So this brings me back to the question of “What actually matters?” I’d like to come up with an objective answer for this if possible. In doing so, I think I’ll have to figure out what it is that everyone cares about, what effects everyone, and what the significance of such things is.

I think a good place to start is to determine what at least seems to matter to the lowest common denominator. At this point I’m tempted to jump to basic, biological necessities, such as food and water, but I think at the root of that is simply life. I think it matters a great deal that we even exist. Philosophers and scientists will spend a significant amount of time trying to decide how and why we exist, but I would like to argue that that doesn’t matter. It is a fact that we exist, and I really don’t think you need to go any farther than that. It is the reason why anything else matters to us.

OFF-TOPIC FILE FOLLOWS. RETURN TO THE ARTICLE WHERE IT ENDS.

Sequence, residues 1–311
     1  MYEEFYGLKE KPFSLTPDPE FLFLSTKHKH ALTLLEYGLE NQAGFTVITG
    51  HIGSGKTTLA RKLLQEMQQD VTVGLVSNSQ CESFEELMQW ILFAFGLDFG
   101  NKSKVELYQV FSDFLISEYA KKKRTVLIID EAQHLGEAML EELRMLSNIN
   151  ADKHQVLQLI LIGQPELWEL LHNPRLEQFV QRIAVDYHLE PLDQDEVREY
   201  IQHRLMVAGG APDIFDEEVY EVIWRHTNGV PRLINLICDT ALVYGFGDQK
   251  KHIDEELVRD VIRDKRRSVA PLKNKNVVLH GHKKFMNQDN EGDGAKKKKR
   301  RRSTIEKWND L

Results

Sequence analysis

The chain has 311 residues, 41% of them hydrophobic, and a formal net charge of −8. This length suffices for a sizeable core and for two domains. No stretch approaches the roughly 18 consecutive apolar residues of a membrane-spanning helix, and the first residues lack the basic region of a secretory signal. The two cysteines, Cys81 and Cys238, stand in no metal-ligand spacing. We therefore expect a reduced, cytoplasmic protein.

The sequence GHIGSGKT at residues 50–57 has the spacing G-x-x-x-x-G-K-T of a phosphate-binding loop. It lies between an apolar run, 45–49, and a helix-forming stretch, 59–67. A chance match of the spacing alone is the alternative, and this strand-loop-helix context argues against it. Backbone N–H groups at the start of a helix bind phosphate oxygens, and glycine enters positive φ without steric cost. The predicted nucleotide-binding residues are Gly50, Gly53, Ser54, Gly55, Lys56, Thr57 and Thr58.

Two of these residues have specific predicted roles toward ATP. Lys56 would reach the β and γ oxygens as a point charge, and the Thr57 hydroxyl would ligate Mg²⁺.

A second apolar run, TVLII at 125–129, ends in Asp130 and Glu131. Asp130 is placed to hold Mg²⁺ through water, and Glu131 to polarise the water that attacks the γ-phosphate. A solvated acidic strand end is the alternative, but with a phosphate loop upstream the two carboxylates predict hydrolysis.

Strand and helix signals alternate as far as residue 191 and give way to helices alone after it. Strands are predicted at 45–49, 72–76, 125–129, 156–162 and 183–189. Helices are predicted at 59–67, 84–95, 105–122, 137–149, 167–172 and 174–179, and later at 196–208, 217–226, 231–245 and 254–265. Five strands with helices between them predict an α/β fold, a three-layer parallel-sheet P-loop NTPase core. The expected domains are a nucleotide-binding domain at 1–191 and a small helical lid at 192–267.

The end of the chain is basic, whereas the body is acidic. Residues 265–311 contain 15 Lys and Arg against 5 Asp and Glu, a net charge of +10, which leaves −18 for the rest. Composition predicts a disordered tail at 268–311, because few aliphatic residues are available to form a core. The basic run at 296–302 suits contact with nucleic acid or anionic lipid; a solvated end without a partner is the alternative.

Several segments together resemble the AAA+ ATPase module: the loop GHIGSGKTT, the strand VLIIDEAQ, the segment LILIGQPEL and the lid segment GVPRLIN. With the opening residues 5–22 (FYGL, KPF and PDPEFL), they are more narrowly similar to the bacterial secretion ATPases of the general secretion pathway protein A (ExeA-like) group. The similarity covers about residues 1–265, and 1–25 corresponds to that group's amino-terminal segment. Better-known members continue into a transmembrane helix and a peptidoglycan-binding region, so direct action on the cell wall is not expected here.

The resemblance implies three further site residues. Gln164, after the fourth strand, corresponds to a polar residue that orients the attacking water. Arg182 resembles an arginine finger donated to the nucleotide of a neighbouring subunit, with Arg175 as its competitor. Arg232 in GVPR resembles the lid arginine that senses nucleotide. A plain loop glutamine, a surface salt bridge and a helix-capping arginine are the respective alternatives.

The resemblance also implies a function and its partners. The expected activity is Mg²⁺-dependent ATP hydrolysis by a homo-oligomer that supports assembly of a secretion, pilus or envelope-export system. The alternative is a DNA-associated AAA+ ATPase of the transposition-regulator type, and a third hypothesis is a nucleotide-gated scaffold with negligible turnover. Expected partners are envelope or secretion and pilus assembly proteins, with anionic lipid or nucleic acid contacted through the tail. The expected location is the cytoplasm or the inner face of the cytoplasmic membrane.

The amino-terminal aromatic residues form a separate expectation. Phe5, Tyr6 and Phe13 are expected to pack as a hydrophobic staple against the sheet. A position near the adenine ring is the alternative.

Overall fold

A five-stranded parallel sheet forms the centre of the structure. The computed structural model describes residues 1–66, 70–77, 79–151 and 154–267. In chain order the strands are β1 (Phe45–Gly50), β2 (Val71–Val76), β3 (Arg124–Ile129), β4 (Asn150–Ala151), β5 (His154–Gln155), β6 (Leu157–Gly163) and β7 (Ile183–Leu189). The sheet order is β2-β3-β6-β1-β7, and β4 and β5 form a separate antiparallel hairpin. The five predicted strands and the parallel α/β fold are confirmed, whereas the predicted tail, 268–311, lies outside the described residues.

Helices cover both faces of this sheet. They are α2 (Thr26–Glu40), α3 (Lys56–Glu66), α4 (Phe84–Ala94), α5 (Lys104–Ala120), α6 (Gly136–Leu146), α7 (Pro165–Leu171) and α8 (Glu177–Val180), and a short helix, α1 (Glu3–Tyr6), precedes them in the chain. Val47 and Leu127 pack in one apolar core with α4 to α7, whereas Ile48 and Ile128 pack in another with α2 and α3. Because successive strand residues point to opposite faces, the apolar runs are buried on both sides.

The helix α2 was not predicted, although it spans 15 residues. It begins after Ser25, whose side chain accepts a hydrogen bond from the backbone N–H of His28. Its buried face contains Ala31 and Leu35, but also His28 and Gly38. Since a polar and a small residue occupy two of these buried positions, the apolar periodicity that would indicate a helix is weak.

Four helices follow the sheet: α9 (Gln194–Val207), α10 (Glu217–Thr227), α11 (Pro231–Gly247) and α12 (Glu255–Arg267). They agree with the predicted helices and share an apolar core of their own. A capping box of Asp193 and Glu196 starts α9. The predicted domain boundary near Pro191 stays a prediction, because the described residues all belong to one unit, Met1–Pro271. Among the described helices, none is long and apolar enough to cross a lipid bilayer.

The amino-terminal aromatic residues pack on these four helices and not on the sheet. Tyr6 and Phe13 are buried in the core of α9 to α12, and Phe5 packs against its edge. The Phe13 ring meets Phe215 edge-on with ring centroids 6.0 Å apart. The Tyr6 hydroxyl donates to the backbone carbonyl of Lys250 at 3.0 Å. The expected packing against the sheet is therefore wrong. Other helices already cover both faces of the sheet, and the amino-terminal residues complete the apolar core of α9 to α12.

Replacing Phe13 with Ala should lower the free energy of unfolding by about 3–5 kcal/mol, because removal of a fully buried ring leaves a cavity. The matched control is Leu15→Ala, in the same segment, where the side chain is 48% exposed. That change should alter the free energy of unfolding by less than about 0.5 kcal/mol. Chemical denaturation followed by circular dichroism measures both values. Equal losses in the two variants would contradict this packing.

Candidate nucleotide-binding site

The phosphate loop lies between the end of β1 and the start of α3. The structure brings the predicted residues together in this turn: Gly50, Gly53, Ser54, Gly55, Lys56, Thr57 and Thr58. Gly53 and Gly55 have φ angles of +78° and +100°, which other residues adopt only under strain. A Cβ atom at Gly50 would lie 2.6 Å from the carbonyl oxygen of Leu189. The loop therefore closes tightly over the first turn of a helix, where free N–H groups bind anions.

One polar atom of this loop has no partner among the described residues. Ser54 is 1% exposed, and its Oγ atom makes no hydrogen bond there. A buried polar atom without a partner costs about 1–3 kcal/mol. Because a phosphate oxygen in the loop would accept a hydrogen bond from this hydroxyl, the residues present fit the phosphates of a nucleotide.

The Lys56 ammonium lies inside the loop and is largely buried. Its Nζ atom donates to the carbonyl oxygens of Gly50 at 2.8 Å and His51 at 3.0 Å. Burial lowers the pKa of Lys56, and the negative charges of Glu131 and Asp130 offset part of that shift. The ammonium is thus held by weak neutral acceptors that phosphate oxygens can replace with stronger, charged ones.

Existence doesn’t happen on its own, so clearly other things matter to our existence. I think the next rung on the ladder of significance is love. It is possibly the most complicated and yet simplest thing that people and arguably other creatures are capable of. I won’t get into all the details and aspects of it because that would take up a whole other article, but I honestly think that without love, individuals and societies could not function. Without it we would fall apart, so it is necessarily true that love matters. One could argue that some people exist who are incapable of love, and there are others who may feel entirely unloved. While it is true that they can function without it, they are simply enduring, and this does not make for a happy existence.